Dr King: From Charity to Justice

Far from being a simple do-gooder, Martin was a radical organizer who was willing to put his life on the line to confront the structural injustices of poverty, racism, and militarism. Photo: gandhiking.ning.com

In the late ‘90s, Apple Computer, Inc. launched an advertising campaign called “Think Different” which used the image and likeness of inspirational leaders in order to sell their product. One of those leaders was Martin Luther King, Jr. The message was clear: the advertisers were trying to link the great social revolutionary to their brand. I remember then thinking about how domesticated the image of Martin Luther King, Jr. had become. This was a man who, at the time of his death, was excoriated not just by conservatives, but by the liberals of his time (including fellow Civil Rights leaders) for being too strident a critic of what he termed the “triple evils of racism, extreme materialism, and militarism.” Since he so often called out the capitalist system, it is absurd to think that Martin Luther King, Jr. would have lent his likeness to a corporate advertising campaign.

This brings us to the “Day of Service” campaign associated with Martin Luther King, Jr. Day. For sure, there is great value in teaching citizens the value of service.  However, King was a radical organizer. He was less interested in charity than he was in justice. He wanted to correct the structural injustices of society, not provide a band-aid for them. He organized systematically against systems of power. It is important to remember that the last campaign he worked on was called the “Poor People’s Campaign” which was designed to unionize those at lowest strata of the US. In the great class war that has always been raging throughout human history, King was decidedly on the side of workers.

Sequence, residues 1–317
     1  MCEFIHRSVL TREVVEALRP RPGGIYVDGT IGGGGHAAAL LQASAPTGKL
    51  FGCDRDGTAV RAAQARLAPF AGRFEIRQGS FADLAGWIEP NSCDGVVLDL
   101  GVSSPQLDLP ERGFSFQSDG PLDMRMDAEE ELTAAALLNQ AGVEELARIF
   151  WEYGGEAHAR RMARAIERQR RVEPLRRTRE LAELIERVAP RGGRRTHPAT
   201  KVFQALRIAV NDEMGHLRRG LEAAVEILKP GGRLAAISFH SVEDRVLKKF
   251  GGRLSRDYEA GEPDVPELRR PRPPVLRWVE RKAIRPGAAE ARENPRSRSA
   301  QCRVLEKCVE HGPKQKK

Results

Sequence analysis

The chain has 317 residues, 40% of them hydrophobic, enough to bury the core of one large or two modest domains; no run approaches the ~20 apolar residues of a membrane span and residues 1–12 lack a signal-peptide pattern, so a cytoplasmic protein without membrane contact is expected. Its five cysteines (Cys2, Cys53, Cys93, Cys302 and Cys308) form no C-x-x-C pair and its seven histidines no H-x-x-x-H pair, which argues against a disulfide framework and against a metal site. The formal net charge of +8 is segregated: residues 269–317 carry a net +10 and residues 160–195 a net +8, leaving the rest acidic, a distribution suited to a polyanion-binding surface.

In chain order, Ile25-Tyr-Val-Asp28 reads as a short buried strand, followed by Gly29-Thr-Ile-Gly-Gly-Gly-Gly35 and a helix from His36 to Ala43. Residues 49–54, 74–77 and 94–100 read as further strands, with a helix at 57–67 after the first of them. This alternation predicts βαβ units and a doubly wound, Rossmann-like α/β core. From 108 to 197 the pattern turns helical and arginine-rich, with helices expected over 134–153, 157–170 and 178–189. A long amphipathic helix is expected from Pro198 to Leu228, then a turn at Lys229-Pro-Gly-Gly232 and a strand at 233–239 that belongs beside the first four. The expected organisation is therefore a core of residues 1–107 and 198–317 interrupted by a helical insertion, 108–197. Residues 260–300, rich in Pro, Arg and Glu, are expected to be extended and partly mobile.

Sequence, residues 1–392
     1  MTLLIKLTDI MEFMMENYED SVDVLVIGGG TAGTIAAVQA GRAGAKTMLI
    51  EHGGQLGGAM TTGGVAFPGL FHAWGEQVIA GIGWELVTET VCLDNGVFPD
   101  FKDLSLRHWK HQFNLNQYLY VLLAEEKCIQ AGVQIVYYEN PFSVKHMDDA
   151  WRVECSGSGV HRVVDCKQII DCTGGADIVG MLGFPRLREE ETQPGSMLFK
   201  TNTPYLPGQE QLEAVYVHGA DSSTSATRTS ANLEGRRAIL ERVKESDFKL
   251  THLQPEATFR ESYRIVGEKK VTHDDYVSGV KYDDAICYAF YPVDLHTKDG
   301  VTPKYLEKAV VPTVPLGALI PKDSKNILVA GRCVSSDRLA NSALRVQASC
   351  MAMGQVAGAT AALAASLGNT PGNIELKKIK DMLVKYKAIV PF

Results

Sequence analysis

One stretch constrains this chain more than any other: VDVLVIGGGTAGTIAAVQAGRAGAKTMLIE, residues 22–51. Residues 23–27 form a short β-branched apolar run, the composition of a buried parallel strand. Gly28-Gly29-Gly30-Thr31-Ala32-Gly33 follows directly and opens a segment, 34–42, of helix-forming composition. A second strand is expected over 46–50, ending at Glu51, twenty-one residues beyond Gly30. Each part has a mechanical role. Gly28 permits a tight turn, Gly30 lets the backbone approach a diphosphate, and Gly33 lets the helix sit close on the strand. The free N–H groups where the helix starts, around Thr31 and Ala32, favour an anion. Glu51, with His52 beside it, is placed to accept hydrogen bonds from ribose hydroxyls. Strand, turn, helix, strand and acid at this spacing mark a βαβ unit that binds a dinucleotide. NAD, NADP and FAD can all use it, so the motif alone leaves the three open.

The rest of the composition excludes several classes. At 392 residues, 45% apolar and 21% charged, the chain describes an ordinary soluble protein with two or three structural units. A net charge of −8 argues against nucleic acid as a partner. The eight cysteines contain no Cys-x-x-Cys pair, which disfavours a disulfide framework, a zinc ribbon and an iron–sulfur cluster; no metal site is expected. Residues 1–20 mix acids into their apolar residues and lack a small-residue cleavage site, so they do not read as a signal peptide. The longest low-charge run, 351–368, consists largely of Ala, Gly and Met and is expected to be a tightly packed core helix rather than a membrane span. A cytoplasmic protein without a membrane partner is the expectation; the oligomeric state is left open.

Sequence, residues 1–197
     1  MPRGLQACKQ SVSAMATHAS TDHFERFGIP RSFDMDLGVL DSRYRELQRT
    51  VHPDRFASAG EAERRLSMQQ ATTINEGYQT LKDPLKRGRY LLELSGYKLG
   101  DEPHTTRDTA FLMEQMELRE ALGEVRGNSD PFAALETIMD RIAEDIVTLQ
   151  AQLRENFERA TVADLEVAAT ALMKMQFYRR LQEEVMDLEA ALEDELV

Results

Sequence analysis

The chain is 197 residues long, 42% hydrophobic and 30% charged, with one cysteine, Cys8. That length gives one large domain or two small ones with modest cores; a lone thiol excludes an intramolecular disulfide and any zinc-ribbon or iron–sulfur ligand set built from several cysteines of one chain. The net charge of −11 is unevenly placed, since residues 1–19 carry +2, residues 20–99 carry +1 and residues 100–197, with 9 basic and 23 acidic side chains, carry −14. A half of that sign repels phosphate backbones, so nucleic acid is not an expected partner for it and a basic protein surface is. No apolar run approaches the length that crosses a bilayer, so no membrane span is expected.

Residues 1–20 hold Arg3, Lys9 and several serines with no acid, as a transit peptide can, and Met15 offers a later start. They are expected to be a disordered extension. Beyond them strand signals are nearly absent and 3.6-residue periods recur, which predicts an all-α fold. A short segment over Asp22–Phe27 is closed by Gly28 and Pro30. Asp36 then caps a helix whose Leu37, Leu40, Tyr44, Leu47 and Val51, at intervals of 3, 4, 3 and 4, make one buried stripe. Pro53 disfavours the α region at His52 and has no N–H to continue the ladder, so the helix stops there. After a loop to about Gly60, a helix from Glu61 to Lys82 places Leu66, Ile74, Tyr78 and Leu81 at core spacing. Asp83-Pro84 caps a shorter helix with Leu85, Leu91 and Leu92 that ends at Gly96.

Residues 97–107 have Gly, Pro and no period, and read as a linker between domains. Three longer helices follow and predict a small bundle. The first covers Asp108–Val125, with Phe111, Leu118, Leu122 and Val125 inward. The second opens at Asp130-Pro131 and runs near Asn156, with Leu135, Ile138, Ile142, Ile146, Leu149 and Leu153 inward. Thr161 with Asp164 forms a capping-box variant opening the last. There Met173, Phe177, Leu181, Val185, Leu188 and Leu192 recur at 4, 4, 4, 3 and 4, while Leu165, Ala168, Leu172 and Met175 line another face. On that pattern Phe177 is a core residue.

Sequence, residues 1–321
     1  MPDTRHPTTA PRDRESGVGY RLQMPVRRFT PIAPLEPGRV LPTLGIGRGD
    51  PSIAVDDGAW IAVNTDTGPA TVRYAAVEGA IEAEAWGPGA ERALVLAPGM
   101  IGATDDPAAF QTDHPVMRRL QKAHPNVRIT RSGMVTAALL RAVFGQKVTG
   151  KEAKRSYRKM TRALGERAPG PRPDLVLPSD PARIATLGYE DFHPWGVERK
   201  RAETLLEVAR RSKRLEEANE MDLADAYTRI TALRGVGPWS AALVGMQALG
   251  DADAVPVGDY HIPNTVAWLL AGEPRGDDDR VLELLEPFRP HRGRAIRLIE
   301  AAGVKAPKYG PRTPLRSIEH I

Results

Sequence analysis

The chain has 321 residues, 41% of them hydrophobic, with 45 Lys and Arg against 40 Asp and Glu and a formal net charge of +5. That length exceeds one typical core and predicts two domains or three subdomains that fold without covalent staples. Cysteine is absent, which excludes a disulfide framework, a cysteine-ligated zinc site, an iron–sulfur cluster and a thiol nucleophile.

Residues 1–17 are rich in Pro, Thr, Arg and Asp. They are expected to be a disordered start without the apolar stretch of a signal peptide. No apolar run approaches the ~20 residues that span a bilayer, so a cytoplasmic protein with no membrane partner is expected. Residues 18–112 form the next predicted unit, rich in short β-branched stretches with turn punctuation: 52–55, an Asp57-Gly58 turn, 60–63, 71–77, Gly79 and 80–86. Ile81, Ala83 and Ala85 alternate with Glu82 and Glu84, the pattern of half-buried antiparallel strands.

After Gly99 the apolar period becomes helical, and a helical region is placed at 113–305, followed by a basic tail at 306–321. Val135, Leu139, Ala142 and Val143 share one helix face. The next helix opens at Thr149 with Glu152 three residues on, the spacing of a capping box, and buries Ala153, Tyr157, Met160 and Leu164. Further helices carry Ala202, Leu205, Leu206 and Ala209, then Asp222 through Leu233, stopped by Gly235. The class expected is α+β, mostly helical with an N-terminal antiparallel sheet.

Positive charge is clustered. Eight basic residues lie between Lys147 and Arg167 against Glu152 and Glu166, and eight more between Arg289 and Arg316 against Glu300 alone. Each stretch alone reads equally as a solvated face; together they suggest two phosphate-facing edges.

As we think about how to celebrate the legacy of Dr. King, it is important for us to remember that he was considered a dangerous man at the time. Far from the “cuddly bear” image that has been promulgated by those in power, King was a man who deeply terrified the elites because of his capacity to organize large numbers of disenfranchised people, remind them of their inherent worth as human beings, and demand the basic rights we are all owed: a fair wage, health care, and a meaningful voice in the democratic debate. It was his ability to think beyond individual charity towards a justice rooted in love that made him one of the greatest citizens this country has produced. May we be worthy of the legacy he left us.

– Aly Wane